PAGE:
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Posted: October 10, 2007
EUR 900 million for German molecular imaging research
(Nanowerk News) The German Federal Ministry of Education and Research (BMBF) and partners from German industry have announced a €900 million (approx $1.25 billion) investment in molecular imaging research. The so-called 'Innovation Alliance Molecular Imaging' will provide funding for joint projects involving the research and industry sectors. The aim is to develop new contrast media, devices and software.
In the future, molecular imaging will help doctors to examine the human body more closely, diagnose diseases more quickly and improve treatment, said Annette Schavan, Germany's Research Minister. 'We want to dovetail research and industrial activities in molecular imaging,' she added. 'Our joint investment in this technology will greatly benefit people's health as well as Germany as a research and business location.'
The Federal Government has agreed to provide a total of €150 million funding for molecular imaging projects over the next six years. The industrial partners - Bayer-Schering pharmaceuticals, Boehringer Ingelheim, Carl Zeiss, Karl Storz and Siemens - will add another €750 million to the pot.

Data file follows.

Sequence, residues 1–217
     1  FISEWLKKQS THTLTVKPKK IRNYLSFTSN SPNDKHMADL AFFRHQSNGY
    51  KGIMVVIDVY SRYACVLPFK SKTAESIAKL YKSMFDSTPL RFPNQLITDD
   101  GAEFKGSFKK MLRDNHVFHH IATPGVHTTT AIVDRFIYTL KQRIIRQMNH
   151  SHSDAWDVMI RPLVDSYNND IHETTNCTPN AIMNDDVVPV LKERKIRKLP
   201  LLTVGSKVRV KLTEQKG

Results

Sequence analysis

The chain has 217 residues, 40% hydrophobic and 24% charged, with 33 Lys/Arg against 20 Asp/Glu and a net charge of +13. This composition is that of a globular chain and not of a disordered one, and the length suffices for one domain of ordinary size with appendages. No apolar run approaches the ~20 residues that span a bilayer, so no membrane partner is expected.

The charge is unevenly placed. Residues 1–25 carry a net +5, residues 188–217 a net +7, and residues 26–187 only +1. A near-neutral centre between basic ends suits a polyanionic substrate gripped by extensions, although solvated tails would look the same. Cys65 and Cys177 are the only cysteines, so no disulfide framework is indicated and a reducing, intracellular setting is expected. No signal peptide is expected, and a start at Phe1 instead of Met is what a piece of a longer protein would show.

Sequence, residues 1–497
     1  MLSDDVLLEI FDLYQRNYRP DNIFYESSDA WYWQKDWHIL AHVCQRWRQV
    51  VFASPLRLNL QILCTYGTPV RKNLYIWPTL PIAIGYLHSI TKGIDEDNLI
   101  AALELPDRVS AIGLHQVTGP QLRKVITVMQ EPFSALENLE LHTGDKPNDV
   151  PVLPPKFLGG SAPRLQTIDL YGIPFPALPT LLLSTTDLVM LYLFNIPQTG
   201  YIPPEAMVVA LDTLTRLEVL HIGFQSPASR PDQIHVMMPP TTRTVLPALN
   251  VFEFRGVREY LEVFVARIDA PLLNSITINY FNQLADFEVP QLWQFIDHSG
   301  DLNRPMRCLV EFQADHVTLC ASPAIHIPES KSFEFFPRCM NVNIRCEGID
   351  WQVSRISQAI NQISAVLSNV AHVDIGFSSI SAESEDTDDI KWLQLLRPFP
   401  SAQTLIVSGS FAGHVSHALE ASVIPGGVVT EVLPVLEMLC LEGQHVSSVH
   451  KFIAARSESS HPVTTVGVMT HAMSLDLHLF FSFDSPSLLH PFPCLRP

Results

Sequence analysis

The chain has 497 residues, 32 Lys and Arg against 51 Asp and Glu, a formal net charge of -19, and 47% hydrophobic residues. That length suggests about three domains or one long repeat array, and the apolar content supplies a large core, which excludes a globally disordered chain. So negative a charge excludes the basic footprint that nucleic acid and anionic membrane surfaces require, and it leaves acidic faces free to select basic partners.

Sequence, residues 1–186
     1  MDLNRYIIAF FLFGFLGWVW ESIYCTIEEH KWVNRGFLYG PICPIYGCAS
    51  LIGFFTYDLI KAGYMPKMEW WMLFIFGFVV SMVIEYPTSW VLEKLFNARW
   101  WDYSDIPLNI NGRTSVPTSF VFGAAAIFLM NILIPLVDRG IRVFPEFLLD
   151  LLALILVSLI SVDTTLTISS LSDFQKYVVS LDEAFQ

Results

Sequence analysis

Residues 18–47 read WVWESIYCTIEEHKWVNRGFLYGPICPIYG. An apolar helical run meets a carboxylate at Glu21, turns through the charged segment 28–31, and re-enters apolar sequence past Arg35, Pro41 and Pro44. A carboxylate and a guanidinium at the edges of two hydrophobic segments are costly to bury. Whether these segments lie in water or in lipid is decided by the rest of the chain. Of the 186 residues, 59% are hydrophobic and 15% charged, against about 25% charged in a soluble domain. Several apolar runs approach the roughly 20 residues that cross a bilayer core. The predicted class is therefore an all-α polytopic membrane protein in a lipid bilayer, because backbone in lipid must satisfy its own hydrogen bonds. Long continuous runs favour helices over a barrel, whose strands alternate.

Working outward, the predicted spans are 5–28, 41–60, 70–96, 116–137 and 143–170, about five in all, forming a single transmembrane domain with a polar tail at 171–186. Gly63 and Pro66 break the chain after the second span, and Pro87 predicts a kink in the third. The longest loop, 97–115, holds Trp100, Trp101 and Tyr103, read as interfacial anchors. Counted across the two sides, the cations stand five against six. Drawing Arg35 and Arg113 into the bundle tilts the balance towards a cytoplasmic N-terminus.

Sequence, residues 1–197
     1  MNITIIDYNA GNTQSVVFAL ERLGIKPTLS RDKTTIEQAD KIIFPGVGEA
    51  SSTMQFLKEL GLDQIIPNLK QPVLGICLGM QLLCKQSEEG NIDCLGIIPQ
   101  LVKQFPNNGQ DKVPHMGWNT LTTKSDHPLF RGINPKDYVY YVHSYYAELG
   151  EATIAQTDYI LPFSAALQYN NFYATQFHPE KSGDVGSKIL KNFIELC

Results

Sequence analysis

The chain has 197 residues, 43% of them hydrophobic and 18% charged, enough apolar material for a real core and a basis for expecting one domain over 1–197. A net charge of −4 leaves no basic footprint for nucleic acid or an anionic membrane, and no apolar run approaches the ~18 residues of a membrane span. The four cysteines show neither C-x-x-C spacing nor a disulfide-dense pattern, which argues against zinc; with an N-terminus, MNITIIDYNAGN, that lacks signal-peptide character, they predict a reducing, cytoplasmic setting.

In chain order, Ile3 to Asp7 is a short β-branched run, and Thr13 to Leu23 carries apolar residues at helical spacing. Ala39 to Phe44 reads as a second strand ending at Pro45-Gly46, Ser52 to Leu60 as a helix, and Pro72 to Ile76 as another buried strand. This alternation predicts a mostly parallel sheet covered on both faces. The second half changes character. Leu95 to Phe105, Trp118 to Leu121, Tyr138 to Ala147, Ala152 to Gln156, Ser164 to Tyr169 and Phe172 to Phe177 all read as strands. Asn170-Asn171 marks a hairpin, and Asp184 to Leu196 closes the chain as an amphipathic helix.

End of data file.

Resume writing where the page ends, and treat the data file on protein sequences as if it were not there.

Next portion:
Various molecular imaging projects are also currently underway under the EU's Sixth Framework Programme. For instance, the Institute for Biomedical Research of Barcelona and its American partner, the Centre for Molecular Imaging Research at Harvard Medical School, are involved in molecular imaging of atherosclerosis, commonly found in cardiovascular and cerebrovascular diseases.
Molecular imaging can make biological processes at molecular or cell level visible. It promises early diagnosis and better treatment of a wide range of common diseases, including cancer, cardiovascular diseases or dementia.
Unlike traditional imaging techniques, molecular imaging uses biomarkers to identify the goings-on in the cell. Those biomarkers (in the case of atherosclerosis, for instance, the enzyme Myeloperoxidase appears to be a reliable indicator of vulnerable atherosclerotic plaques) interact chemically with their surroundings and in turn alter the image according to the molecular changes occurring within the area of interest. Such a detailed image at molecular level enables the detection of changes in the cell long before tumour growth has started or an infarct has occurred.